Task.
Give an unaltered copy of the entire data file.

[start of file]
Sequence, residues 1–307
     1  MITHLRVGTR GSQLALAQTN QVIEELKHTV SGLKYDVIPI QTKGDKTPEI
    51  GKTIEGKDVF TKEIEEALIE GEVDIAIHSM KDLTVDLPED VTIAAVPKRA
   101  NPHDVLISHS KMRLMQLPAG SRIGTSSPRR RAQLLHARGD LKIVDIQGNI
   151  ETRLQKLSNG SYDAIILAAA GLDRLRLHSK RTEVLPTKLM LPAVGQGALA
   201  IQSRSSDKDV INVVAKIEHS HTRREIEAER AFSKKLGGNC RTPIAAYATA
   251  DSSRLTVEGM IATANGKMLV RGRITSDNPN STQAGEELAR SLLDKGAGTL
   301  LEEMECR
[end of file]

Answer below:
Sequence, residues 1–307
     1  MITHLRVGTR GSQLALAQTN QVIEELKHTV SGLKYDVIPI QTKGDKTPEI
    51  GKTIEGKDVF TKEIEEALIE GEVDIAIHSM KDLTVDLPED VTIAAVPKRA
   101  NPHDVLISHS KMRLMQLPAG SRIGTSSPRR RAQLLHARGD LKIVDIQGNI
   151  ETRLQKLSNG SYDAIILAAA GLDRLRLHSK RTEVLPTKLM LPAVGQGALA
   201  IQSRSSDKDV INVVAKIEHS HTRREIEAER AFSKKLGGNC RTPIAAYATA
   251  DSSRLTVEGM IATANGKMLV RGRITSDNPN STQAGEELAR SLLDKGAGTL
   301  LEEMECR